Communication goes both ways, how about having a chat next week when I am back.
Best wishes …

Communication goes both ways? That’s a funny way to put it. 😕

Needless to say I asked to have my name removed. So did two other colleagues of mine who didn’t know they were listed as affiliates.

The lack of communication & consultation and more broadly lack of transparency & inclusivity is not good enough and leaks across other aspects of the school. I know these are not the worst incidences, and I symphathise with those that have it worse.

^ Their is used in place of his/her as not to identify the gender.


Bioinformatics and Biometrics group

  • Soon after I joined the university as lecturer, I was invited to be part of a group led by some senior academics.
  • Initially the group was to be called Bioinformatics Research Group but I asked to include Biometrics as I felt my research is no longer as focussed on bioinformatics and I was not the only one working in the biometrics area in the group (you can see here to see the difference between bioinformatics and biometrics).
  • Subsequently the website was set up for Bioinformatics and Biometrics Group with my photo and name as part of the team. I was happy that Biometrics was included.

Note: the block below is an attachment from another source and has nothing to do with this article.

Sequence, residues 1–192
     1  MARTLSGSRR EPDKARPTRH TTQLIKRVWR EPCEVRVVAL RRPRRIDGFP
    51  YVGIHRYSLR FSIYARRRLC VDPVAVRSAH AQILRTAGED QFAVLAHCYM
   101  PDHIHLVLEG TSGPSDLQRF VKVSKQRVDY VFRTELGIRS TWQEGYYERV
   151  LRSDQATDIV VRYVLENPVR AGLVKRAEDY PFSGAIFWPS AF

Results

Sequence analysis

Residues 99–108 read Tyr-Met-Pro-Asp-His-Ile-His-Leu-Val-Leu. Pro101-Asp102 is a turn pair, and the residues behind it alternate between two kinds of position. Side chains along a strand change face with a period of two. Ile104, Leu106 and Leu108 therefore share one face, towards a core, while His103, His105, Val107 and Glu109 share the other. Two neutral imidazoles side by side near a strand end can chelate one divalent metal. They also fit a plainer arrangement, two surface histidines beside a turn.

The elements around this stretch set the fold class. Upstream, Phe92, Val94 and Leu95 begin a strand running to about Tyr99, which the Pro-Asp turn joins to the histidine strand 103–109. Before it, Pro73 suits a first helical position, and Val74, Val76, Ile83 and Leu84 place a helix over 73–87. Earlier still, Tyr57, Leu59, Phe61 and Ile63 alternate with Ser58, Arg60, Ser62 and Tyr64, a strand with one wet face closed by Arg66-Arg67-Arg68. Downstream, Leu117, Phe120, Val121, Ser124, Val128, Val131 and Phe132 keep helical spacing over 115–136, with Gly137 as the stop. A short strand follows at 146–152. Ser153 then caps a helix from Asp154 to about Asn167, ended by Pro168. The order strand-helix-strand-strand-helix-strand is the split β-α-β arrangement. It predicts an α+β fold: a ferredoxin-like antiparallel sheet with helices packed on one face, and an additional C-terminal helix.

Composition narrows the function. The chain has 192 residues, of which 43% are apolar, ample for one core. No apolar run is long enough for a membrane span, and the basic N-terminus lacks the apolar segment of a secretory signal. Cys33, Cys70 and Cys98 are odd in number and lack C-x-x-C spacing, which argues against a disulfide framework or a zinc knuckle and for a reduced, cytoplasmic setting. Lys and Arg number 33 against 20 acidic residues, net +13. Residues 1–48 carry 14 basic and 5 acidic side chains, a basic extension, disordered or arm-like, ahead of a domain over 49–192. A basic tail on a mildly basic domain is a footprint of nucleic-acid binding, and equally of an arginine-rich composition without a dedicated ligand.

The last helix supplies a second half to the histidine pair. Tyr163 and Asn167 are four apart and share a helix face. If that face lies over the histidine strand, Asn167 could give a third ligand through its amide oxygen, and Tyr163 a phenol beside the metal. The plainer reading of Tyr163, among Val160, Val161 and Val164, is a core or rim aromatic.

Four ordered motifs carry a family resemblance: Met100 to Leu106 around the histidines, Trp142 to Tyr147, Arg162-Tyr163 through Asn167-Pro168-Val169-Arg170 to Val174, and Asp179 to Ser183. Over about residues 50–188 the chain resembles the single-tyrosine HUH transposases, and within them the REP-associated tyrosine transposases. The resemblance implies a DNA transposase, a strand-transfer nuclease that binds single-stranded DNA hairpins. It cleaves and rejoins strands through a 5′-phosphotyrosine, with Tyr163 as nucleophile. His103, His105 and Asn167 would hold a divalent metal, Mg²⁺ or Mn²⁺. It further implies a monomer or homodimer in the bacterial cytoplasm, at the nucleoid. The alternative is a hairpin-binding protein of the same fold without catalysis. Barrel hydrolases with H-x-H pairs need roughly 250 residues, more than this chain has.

Group communication

Group Meetings

  • The group met almost weekly.
  • I went regularly to the group meeting in my first year.
  • The group meetings involved the students of the professors presenting their bioinformatics work which was not related to my research at the time.
  • I was still keen on finding a common ground and made some attempts for this.
    • I invited someone from biometrics to present. Prof A did not come to that meeting.
    • Although presentations are done largely by students, I presented my work.
    • I wrote a number of honour projects to co-supervise with a number of people in the group. In the end I had one student chose a project which was supervised by me and Prof B.
  • I did not regularly go to group meetings in my second year. A few reasons stand for this:
    • I didn’t feel I got much out of the group meetings nor was I able to contribute much.
    • I was getting too busy with my own work which largely differed from the rest of the group.


  • There was also a slack channel for the group.
  • The communications happened virtually all in private channels - which means you need to be invited explicitly to join.